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Creating a Hello World RESTful web service with RAD and WebSphere Application Server using IBM JAX-RS

Posted by | Posted in WebSphere | Posted on 22-05-2011

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Creating a Hello World RESTful web service with RAD and WebSphere Application Server using IBM JAX-RS

REST is the buzzword now. So its time to learn how to create a RESTful web service now. Here is my simple hello world tutorial on creating a RESTful web service using Rapid Application Developer and IBM JAX-RS. JAX-RS is a Java API for developing REST applications. JAX-RS 1.0 defines a server-side component API to build REST applications. This ia an implementation of the JAX-RS (JSR 311) specification.

All the REST implementations I have seen need a minimum Java 1.5 to run. All these implementations use annotations. So my code will not work on WebSphere Application Server 6 and below versions. The minimum required version is WebSphere Application Server 6.1. I have tested these examples only in WAS 7. You need to have Feature pack for Web 2.0 for WebSphere installed on your application server. So once you have your app server ready with Web 2.0 feature pack installed then you have pretty much everything to get started. Follow the below steps to create your first hello world RESTful web service with RAD and WAS 7. For my development purposes I was using RAD 7.5. But I am sure that the following steps will work even for other RAD version too.
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Setting endpoint url in web service proxy client

Posted by | Posted in Web service | Posted on 13-08-2009

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One of our project was developed and supported by an external vendor and due to some reasons (of course not known to me) our company decided to do all the future enhancements and support by our self. The project uses WebSphere Process Server as the middle ware and WebSphere portal server as the front end. All the communications between the portal and process server was using web service export. During the knowledge transfer session I noticed that for setting the endpoint url for different environments in their proxy client, they were editing the ServieLocator class. So I just want to post a small note on how to set the endpoint URL without changing the generated proxy classes.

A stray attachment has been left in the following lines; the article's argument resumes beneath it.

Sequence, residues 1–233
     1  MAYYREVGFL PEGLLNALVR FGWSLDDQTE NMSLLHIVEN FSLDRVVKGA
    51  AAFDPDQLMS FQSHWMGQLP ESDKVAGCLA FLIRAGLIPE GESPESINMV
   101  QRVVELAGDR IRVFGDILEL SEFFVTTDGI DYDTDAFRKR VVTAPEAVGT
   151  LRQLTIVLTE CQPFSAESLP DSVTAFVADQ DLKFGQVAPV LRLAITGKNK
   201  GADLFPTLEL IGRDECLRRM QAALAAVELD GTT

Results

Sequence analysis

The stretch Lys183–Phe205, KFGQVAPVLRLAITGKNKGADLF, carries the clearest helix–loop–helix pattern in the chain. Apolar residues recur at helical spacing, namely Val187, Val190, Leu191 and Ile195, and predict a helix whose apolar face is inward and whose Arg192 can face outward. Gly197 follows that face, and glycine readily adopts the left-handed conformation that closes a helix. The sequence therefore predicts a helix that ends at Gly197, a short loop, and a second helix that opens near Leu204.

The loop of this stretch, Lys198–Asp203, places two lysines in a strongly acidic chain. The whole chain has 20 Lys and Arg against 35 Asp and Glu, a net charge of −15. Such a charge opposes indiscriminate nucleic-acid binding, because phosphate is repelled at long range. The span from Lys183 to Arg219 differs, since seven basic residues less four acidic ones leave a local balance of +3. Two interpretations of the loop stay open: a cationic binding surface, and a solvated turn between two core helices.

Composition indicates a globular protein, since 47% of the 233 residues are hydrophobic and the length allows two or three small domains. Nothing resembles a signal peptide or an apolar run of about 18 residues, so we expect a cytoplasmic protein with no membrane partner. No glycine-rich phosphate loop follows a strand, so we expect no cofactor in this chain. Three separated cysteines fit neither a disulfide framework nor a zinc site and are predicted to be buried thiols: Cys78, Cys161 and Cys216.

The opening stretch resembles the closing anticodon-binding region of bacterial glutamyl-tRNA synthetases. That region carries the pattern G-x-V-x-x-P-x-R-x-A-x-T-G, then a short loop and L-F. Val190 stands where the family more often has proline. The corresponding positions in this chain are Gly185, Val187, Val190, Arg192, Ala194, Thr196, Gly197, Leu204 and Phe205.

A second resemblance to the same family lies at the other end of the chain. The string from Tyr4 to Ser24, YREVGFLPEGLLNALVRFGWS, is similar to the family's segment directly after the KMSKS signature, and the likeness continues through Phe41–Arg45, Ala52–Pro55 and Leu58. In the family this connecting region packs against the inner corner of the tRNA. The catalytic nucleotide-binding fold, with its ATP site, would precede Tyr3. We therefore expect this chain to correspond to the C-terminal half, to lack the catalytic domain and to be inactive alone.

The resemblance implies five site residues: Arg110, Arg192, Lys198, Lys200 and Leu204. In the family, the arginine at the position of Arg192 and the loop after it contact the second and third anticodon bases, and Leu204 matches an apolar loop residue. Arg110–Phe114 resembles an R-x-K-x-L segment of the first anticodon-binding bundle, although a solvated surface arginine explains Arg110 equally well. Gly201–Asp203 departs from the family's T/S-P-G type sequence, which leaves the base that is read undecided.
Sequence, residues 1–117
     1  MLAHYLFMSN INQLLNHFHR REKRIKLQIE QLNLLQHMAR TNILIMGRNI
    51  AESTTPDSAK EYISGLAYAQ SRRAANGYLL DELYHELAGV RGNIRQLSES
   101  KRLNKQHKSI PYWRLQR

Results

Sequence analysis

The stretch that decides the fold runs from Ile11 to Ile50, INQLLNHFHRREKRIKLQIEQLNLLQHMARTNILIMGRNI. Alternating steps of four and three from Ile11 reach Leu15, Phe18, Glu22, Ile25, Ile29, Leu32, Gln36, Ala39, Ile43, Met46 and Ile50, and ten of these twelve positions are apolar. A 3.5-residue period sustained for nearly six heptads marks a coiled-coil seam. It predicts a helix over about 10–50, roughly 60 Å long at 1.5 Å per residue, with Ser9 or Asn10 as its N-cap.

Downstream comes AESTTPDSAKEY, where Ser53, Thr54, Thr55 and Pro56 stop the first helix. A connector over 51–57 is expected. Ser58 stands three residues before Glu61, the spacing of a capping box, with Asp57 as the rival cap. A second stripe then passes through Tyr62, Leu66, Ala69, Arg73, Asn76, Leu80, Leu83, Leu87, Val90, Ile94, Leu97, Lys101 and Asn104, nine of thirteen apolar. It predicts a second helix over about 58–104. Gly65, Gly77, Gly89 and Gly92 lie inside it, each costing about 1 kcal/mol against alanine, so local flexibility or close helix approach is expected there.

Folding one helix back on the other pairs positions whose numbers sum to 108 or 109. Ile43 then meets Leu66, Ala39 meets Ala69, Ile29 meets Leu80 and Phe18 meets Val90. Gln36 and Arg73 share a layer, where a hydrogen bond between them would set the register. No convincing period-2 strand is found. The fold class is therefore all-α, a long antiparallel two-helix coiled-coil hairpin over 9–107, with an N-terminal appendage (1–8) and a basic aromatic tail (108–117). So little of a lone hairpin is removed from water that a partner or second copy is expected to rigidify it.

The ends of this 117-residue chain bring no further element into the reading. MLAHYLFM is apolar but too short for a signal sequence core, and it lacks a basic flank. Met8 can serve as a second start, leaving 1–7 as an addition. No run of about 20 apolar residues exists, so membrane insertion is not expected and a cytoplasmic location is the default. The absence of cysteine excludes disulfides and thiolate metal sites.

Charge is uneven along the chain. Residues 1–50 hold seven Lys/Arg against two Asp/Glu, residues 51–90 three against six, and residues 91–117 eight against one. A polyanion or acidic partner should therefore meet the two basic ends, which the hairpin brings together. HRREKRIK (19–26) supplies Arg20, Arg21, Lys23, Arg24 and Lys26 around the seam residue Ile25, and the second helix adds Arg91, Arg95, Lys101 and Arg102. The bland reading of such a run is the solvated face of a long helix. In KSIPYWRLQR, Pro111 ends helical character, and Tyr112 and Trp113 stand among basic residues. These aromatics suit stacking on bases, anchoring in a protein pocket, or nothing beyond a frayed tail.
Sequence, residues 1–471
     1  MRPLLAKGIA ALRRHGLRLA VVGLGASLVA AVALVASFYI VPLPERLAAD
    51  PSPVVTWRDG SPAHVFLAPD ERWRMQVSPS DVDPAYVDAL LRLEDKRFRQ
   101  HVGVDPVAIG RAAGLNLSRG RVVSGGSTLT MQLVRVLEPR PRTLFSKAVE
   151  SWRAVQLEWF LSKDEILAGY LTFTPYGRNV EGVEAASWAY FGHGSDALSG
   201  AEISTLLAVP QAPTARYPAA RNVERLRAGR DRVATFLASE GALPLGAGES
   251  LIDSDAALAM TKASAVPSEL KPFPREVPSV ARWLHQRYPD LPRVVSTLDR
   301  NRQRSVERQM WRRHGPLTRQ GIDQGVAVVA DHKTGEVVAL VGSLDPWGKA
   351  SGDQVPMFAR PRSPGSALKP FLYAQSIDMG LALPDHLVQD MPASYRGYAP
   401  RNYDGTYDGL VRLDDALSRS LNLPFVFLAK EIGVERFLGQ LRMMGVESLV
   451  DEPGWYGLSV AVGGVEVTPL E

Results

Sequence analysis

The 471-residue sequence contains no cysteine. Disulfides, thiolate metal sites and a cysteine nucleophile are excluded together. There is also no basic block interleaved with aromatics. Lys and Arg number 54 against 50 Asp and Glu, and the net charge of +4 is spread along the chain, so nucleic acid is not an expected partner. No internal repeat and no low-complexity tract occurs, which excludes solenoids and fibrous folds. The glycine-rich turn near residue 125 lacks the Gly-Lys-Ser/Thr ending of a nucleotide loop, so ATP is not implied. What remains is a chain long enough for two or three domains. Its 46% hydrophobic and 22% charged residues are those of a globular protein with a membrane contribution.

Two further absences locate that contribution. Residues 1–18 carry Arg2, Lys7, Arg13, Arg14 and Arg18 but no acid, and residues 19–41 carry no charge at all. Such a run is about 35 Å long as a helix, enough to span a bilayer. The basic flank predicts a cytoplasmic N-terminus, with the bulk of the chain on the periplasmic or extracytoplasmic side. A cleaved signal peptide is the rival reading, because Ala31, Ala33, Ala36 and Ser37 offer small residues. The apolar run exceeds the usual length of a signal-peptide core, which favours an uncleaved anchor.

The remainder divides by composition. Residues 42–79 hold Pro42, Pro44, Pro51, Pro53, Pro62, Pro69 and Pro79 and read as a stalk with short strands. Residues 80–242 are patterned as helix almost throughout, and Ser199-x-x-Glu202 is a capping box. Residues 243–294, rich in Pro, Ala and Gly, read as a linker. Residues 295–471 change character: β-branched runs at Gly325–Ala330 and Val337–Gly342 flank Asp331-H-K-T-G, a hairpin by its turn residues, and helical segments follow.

To change the endpoint url for a web service we have a setEndpoint method in our proxy class. By default I guess the endpoint url will be pointing to localhost. By passing the new endpoint url to the setEndpoint method we can change it to a new host. For eg: in our hello world web service client, to change the end point url, change the code as shown below.

	HelloWorldProxy proxy = new HelloWorldProxy();

That’s it. We are done with changing the endpoint url. We can store this endpoint url as part of our properties file and read it from there. This will ensure that, we get different endpoint urls for different environments


Web service client with basic authentication

Posted by | Posted in Web service | Posted on 23-06-2009

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Configuring a web service client for basic authentication

How do we pass the username and password to a web service which is protected by basic authentication? The generated proxy client has no methods for setting the username and password.

The solution is to set the username and password inside the generated proxy client. To do this edits your proxy java file and set the username and password properties. The properties are javax.xml.rpc.Stub.USERNAME_PROPERTY and javax.xml.rpc.Stub.PASSWORD_PROPERTY. I did it inside my _initXXX method of proxy client. For eg: my code looked like the following

if (test_Request != null) {
	((javax.xml.rpc.Stub)test_Request)._setProperty(Stub.USERNAME_PROPERTY, "username");	

If you set any other property name you will get an exception

Exception in thread "main" javax.xml.rpc.JAXRPCException: WSWS3212E: Error: Property name javax.xml.rpc.Stub.XXX not supported.
	at com.ibm.ws.webservices.engine.client.Stub._setProperty(Stub.java:541)

org.xml.sax.SAXException: WSWS3047E: Error: Cannot deserialize element

Posted by | Posted in Websphere Process Server / Integration Developer | Posted on 22-10-2008

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Yesterday I came across a new exception while invoking my web service using WebSphere Process Server. I was trying to invoke an external web service from WID. The exception or web service fault message I was getting was